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For Pan

I did not know when I had climbed the hill
Past cruel rocks and thorny underbrush
That I should find so desolate a place.
There land ended on barren cliff,
There earth and sea embraced
In perpetual union of tenderness and strife-"
Unyielding stone against relentless wave.
There was the loneliness of God
Molding the first small world in mist and flame.

I would have fled the awful emptiness
Had I not seen you standing there,
Poised lightly as a gull on swirling surf-"
Bright promontory of defiance-"
Your arms flung windward,
Your hair a golden pennant.
And though no word was uttered
Above the tumult of advancing tide,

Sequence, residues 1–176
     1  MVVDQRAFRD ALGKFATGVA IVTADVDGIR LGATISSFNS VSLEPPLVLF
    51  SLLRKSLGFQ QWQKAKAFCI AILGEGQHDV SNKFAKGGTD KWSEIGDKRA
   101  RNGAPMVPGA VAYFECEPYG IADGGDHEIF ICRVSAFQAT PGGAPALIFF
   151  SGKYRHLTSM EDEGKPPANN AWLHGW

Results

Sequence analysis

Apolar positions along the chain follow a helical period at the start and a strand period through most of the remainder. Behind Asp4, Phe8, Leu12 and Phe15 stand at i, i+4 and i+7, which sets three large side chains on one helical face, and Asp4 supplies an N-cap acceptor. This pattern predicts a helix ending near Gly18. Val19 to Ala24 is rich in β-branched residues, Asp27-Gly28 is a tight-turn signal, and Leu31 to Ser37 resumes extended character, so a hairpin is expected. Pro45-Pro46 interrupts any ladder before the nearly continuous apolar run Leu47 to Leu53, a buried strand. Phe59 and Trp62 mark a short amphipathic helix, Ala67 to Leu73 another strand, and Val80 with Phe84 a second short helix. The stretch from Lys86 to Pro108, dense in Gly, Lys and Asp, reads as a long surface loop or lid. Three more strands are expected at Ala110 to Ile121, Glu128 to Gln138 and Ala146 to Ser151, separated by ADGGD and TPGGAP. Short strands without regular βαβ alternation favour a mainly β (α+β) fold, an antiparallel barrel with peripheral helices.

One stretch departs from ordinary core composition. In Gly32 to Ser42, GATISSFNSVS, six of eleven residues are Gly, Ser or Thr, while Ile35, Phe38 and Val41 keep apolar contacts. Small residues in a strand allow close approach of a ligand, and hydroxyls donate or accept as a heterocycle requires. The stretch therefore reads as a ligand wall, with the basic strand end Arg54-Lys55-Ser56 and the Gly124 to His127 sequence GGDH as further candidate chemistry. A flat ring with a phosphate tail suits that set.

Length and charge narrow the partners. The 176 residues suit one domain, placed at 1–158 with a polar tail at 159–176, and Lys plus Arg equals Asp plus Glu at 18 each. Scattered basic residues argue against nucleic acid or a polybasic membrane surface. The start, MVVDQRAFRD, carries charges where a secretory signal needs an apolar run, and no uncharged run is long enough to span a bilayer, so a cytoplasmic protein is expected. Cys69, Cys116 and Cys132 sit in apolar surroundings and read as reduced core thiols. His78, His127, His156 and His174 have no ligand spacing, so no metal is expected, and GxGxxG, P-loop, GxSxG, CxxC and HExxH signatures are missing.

You came uncalled
And placed your hand in mine.

There on the furthest rim of earth
We stood, my hand in yours,
Your breath upon my cheek,
Our wild impatient dreams
Thundering echoes of the flood,
Our laughter mocking ancient shibboleths,
Shattering boundaries of space and time.

Beloved comrade, high-hearted rebel,
If I had paused,
Let wisdom shield the vulnerable heart,
I would have walked a safer path,
Crept blindly underground
And never glimpsed your shining essence,
Earth-trapped star on lonely height.

MacDowell Colony, April 1959

Written by Pauli Murray (1910-1985)


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